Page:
World Economy
by Alex Davies on May 13, 2019

China says it will not surrender to foreign pressure as the trade war continues

There are new developments in the trade issues between the US and China and it doesn’t look good for the global economy. Like we reported last week, the US has hiked its tariffs to 25% on $200 billion worth of Chinese imports. The increase, which was announced by president Trump on Twitter, came as a surprise amidst the negotiations and reports of a possible resolution. Chinese have responded to the new tariffs on Monday by saying that the country will not surrender to external pressure. While it still isn’t clear how China will retaliate, more tariffs are expected from the US. Trump has already ordered the US Trade Representative Robert Lightizer to introduced new tariffs on $300 billion worth more of Chinese imports.

“We have said many times that adding tariffs won’t resolve any problem. China will never surrender to external pressure. We have the confidence and the ability to protect our lawful and legitimate rights,” – commented Geng Shuang, a spokesman for China’s foreign ministry. The media in the country reciprocated these opinions.”At no time will China forfeit the country’s respect, and no one should expect China to swallow bitter fruit that harms its core interests,” – wrote People’s Daily, the most popular newspaper in the country.

Trump expresses satisfaction with the current trade situation

There’s a completely different sentiment being expressed from the leader of the White House. President Trump resorted to Twitter once again to rationalize the decision of raising tariffs. He underlined the direct monetary value of the tariffs saying: “We will be taking in Tens of Billions of Dollars in Tariffs from China. Buyers of product can make it themselves in the USA (ideal), or buy it from non-Tariffed countries.”

Trump also responded to the claims that the retaliatory actions from China could harm the US economy. “We will then spend (match or better) the money that China may no longer be spending with our Great Patriot Farmers (Agriculture), which is a small percentage of total Tariffs received, and distribute the food to starving people in nations around the world!” – Trump tweeted. However, government data is already registering the effects of the trade war on US consumers. In particular, the prices of certain products like pet supplies, sewing machines, bicycles are already increasing.

China says it will not surrender to foreign pressure as the trade war continues

How will China retaliate to the increased tariffs?

Although Chinese officials have said that they will respond to the new tariffs with countermeasures, they haven’t specified the form of these actions. Analysts believe China has several tools at its disposal to use in the current situation. “I expect that China will retaliate and they will do it in as commensurate a way as they can, and that will include not just imports. I think our farmers and our farm exports to China will be targeted because that’s what President Trump cares about politically,” – said Susan Shirk, former deputy assistant secretary of state under the Clinton administration. “Really anything could be fair game, and I would be extremely surprised if there were no retaliation,” – she added.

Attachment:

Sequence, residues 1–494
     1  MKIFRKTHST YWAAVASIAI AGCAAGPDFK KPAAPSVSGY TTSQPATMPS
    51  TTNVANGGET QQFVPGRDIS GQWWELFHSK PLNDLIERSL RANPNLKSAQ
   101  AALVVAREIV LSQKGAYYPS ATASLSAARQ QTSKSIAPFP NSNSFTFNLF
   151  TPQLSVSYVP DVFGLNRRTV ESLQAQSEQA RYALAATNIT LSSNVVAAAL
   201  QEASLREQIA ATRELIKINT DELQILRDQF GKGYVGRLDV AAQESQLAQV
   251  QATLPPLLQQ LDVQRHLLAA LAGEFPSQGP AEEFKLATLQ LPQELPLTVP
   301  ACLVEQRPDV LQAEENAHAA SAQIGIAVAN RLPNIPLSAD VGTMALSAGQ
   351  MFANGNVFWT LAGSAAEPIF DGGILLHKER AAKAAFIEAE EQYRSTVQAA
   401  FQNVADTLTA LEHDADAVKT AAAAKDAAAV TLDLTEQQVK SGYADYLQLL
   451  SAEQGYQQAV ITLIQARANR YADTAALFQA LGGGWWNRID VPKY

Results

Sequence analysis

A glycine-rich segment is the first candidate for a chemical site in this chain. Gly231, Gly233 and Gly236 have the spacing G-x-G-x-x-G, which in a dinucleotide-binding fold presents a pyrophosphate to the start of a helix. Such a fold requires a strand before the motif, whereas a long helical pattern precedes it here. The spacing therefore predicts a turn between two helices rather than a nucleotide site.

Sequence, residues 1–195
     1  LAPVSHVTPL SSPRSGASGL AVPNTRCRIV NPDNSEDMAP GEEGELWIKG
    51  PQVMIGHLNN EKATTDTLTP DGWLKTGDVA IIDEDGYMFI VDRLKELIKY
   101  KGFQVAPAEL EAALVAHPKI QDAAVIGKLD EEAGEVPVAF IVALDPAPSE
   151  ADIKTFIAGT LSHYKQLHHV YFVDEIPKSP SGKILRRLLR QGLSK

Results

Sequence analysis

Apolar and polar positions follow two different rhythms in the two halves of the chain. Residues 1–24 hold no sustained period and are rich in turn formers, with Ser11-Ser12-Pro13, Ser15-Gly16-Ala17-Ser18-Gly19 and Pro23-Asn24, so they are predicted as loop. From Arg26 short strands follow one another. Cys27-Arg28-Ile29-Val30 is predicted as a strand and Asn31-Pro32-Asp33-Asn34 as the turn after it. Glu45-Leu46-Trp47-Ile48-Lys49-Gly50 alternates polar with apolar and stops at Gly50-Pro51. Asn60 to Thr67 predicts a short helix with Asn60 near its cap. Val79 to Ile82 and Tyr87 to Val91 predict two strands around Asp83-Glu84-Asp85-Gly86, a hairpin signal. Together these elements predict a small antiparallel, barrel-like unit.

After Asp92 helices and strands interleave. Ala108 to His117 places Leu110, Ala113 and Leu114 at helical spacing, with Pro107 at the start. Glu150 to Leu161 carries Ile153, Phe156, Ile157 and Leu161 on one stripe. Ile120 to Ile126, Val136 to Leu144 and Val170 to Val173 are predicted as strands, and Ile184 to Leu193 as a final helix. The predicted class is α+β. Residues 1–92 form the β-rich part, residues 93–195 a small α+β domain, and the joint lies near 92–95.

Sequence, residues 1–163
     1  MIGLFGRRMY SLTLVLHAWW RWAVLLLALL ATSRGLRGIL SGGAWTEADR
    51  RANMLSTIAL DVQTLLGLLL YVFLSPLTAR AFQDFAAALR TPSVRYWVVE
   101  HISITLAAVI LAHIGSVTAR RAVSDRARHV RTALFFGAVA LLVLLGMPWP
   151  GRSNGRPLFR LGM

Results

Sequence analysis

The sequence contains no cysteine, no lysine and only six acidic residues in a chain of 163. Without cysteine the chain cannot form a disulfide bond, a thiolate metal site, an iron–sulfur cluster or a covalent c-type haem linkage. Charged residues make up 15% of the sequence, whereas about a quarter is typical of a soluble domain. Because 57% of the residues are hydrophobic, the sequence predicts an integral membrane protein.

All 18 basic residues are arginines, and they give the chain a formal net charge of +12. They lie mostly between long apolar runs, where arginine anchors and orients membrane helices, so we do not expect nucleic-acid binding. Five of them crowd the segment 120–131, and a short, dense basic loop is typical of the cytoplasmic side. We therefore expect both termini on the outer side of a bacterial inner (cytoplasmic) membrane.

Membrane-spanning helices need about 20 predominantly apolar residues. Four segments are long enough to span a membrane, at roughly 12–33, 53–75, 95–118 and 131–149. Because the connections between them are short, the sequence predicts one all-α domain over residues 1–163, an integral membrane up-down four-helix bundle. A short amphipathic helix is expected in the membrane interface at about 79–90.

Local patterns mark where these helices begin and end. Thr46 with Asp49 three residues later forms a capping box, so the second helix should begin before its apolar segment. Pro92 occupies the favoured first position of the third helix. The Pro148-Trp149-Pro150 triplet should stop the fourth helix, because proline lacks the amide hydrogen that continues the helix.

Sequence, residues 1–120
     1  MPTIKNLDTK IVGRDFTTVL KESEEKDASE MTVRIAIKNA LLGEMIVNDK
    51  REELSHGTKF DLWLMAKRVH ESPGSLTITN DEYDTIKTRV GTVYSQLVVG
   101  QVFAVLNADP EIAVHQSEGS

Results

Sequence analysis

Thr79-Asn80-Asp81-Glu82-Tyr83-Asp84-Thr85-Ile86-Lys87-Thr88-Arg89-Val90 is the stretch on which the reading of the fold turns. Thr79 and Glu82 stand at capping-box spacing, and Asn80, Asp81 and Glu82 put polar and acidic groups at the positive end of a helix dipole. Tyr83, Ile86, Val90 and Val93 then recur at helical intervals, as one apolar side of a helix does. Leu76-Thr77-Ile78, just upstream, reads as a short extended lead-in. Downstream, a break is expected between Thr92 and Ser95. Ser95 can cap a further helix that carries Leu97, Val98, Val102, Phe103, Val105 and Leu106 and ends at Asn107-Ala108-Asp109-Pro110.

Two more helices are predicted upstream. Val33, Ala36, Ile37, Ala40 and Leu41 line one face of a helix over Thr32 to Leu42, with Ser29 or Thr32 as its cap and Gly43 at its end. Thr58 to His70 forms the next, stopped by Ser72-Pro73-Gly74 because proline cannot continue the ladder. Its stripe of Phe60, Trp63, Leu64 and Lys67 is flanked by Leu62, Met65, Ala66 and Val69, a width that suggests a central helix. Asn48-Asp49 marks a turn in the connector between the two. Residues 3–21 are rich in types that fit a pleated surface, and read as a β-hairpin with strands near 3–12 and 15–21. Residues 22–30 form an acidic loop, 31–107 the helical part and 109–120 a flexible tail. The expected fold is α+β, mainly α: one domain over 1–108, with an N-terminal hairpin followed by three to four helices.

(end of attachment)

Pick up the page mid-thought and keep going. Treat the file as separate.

There are also those who believe that Beijing could depreciate the national currency, thus giving the exports advantage and offsetting the effects of the new tariffs. “We think the currency is one area in which Beijing has a clear advantage over Washington,” – said Bo Zhuang, chief China economist at TS Lombard. “Note though that, while the People’s Bank of China may tolerate more yuan depreciation, they may be wary of using it as a retaliatory tool. As well as inciting Trump’s wrath, a weaker currency would also risk triggering capital outflows and damage efforts to open China’s economy,” – commented Seema Shah, senior global investment strategist at Principal Global Investors.

By Alex Davies

Alex Davies is a long-time trader with a background in statistical analysis. Davies has worked as a financial analyst since 2014 and has been writing technical analyses for various publications since 2015. Davies writes on different financial instruments including stocks, cryptocurrencies and currency pairs.

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